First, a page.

We started along a little concrete path which meandered to the left around a huge mass of grass and rock. We turned the corner, and there it was. I won't waste many words trying to describe the initial feeling. It's like the first time you see the Eiffel Tower or the Colosseum. Words are inadequate to describe the moment. Gleaming grey-white blocks of stone shining in the morning sun against rich green grass. The mountains in the background were a dark blue-green slashing into a grey-white sky. It was truly one of the most humbling experiences of my life. It was what a "wonder of the world" should feel like. The entire mountain top had been terraced and converted into what can easily be called a small town. Certainly most have seen "the" picture of Machu Picchu with the mountain in the background and the ruins in the middle. Walking through the ruins, it's quickly apparent the picture doesn't do the site justice. It was much, much bigger than I'd thought. I was in awe. Not the over-used slang term of today. True awe.
Mark and I stood looking for a few minutes. We then set about our plan to cover as much as possible in the time allowed. It was about 11:00, and our train back in Aguas Calientes left for Cuzco at 4:00. The tall mountain in the back of the picture everyone has seen is actually called Huayna Picchu, and actually has a set of ruins atop it, supposedly offering a spectacular view of the ruins. We "kind of" followed a map to navigate our way through the ruins, but the place is huge and lay out like a maze - we hit dead ends a few times, but finally reached the gate. You actually have to sign in before passing through the gate. Apparently three or four people end up taking a header off the mountain a year and they like to have some record of it. Nice.
I'd read it takes about an hour to get up to the top. Mark said some Italian tri-athlete did it in 22 minutes. Mark said a lot of stuff. He was a talker. He's in his final year of medical school in Germany, training to be an ear, nose and throat surgeon. He talked about the German economy, about liquid bandages, about the European rail system, the problems with the U.S. Government, proper hydration, German medicine, U.S. medicine... lots of talking. I didn't mind so much for a couple reasons: 1) the hike was long and vertical, and I'm out of shape - it helped take my mind off of the fire inside my lungs, and 2) He was a really smart guy, and he knew what he was talking about in nearly every subject. It was a hell of a hike. It reminded me of the last 30 minutes on the way out of "the Hike through Hell" in Havasupai, Arizona, except this was in a really humid environment with uneven, wet stone steps. I'm definitely not in game-shape anymore, but when exerting one's self for the first time in a long time at altitude, it really sucks.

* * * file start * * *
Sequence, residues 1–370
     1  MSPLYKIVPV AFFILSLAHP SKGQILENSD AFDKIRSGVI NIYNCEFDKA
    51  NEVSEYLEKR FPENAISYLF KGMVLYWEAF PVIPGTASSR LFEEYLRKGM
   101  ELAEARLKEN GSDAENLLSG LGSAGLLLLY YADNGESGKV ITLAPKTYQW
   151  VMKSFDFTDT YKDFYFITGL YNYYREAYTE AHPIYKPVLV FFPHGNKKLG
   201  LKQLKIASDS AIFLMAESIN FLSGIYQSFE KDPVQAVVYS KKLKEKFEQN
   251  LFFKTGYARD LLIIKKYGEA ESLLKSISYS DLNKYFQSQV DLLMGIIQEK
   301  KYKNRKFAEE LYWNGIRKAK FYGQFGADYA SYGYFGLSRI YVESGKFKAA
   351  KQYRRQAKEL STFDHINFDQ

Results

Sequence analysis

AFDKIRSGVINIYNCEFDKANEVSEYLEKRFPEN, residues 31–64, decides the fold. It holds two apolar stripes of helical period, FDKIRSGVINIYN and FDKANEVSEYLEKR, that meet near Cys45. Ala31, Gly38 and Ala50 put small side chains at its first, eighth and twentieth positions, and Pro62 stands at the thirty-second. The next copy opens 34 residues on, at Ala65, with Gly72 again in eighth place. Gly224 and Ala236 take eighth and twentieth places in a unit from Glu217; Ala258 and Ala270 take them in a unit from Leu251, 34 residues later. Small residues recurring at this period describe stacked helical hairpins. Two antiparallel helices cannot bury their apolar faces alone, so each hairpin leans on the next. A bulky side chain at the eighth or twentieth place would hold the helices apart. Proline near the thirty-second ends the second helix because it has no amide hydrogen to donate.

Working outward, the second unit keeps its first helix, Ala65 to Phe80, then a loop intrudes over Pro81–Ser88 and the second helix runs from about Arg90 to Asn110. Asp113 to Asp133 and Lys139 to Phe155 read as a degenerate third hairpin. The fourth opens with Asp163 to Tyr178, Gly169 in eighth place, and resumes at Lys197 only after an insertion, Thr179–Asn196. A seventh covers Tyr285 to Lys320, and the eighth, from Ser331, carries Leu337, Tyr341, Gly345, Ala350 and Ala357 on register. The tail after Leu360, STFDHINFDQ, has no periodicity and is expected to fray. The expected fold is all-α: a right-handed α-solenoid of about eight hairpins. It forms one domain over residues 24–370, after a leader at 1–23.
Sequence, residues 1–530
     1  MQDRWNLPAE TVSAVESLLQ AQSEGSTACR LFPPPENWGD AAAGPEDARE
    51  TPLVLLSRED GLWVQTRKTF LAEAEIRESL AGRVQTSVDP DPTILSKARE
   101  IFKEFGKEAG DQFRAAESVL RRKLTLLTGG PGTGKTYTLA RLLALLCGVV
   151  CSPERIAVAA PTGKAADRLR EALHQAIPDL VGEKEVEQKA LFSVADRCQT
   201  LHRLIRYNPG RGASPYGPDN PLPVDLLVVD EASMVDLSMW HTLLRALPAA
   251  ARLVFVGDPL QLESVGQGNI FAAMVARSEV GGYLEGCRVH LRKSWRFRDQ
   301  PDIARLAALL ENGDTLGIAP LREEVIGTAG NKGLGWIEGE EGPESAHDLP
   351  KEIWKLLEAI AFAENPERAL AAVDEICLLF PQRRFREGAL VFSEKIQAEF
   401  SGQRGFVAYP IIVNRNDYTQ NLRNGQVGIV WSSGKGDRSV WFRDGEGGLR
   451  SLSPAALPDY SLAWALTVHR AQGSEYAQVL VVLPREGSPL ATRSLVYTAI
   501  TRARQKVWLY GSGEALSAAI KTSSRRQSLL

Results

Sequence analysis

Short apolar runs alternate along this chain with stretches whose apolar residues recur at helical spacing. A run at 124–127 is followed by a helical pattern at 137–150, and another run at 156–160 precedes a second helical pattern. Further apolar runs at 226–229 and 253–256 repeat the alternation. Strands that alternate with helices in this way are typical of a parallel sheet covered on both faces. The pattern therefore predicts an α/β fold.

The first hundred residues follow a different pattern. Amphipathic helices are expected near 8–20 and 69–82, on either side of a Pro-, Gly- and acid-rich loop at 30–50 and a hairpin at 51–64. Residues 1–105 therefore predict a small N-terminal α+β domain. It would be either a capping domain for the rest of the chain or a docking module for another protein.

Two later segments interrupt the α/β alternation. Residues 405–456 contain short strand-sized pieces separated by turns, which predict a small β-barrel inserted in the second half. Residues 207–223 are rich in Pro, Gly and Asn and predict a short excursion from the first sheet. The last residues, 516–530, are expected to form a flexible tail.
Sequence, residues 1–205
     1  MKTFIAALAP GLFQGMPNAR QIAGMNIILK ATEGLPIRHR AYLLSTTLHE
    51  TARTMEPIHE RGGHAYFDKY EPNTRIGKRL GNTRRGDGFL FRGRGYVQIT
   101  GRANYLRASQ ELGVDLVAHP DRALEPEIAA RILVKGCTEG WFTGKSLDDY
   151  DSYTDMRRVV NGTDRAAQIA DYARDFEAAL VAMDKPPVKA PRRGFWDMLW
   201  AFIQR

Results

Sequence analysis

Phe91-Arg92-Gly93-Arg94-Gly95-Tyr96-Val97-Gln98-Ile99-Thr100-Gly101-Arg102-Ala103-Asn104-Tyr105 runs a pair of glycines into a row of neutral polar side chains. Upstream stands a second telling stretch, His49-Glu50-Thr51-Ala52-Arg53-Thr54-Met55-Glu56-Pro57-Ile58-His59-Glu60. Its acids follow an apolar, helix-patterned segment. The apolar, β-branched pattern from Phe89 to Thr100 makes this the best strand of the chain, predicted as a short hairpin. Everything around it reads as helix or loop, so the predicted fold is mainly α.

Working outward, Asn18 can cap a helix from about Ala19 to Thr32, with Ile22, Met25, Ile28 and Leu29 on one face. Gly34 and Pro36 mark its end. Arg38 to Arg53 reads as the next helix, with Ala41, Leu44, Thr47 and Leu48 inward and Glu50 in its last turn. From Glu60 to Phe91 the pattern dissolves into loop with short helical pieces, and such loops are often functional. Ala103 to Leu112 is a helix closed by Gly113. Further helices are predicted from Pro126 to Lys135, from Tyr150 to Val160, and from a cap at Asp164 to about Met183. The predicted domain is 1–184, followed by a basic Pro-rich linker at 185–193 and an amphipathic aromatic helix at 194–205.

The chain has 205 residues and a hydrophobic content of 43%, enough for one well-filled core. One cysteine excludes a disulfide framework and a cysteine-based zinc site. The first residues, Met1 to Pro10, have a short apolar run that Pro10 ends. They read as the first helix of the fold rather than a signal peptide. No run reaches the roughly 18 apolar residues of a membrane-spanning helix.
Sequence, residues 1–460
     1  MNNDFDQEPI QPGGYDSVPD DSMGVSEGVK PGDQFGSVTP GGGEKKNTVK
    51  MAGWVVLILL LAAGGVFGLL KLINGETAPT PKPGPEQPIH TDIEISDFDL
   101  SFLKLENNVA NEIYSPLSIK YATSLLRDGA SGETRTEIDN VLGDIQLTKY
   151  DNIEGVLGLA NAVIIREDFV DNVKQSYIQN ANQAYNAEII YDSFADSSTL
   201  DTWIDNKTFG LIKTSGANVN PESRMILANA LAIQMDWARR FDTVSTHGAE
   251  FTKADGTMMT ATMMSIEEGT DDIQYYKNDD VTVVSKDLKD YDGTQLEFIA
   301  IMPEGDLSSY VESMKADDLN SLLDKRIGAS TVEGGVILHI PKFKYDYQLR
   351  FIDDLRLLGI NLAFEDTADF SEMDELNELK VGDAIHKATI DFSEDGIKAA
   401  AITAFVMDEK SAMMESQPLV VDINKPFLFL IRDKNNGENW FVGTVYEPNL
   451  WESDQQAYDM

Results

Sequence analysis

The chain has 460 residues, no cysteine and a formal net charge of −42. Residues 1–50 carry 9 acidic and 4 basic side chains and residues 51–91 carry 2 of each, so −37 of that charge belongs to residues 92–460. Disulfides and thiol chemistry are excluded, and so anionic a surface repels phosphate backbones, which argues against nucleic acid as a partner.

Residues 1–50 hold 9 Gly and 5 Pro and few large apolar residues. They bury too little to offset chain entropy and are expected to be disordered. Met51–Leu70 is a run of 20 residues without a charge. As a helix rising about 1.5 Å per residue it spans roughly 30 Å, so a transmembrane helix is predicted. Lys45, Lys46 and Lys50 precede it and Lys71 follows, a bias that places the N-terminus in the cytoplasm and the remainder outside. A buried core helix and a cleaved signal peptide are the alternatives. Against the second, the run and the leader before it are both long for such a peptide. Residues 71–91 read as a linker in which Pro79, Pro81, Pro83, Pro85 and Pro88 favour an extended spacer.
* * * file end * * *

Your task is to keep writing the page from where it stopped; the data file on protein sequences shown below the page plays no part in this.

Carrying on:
After about 65 minutes of torture, we reached the top (a set of ruins unto itself) - and it was worth every gallon of sweat. We were offered tremendous views of the Machu Picchu ruins (now behind us) which were almost tiny in the distance. It was a gorgeous sight. We spent a little while at the top, where we met a few fellow out-of shape hikers. However, knowing we had a limited amount of time, we headed back, the path being almost more treacherous on the way down. By the time we got back to the gate it was already 1:40. Accounting for the bus ride back down the mountain, and walking through the city to the train station, we didn't have a lot of time.
We spent the rest of our time walking the ruins. It was so impressive. It seemed like every angle, every view was worthy of a frame. As I did in Cuzco, while I walked the ruins I thought about the feat of engineering before me. How was this site selected? Who laid out the plan? Where did they get the rocks from? How long did it take? And what about the freakin mountain peak we just hiked? How'd they do that? It was fun to think about. A group of people in the 1500's built this place with their hands. They got the stones and carved them, terraced the land and planted it, moved their families here and lived. I have no idea how they did it - I'm not actually sure I really want to know.
We walked and walked. There's no way you can cover it all in the time we had - even a full day just in the ruins would be pushing it. We passed tour groups, groups of friends relaxing, individuals having Zen moments, and even some llamas who were as comfortable around tourists as city pigeons.
3:00 arrived all too soon - I took one final look back and we headed back to the tourist center. We caught the bus back down the mountain, soaked with sweat and dirty from a day of hiking. Mark and I navigated our way back to the train station with about 15 minutes to spare.
I saw a sign on the side of a building for "Inca Kola" - a Pepto-Bismol flavored soft drink the Peruvians are really proud of. I couldn't help but smile. I wonder what Huayna Capac would think of seeing this at the foot of Machu Picchu. I bought a cold Coke got in my seat. I was tired, but really, really happy. I'd experienced Machu Picchu. It's moments like these that make the trip worth all the crappy bus rides, all the bad food, all the small beds. It was a long 4 hours back to Cuzco. Who cares?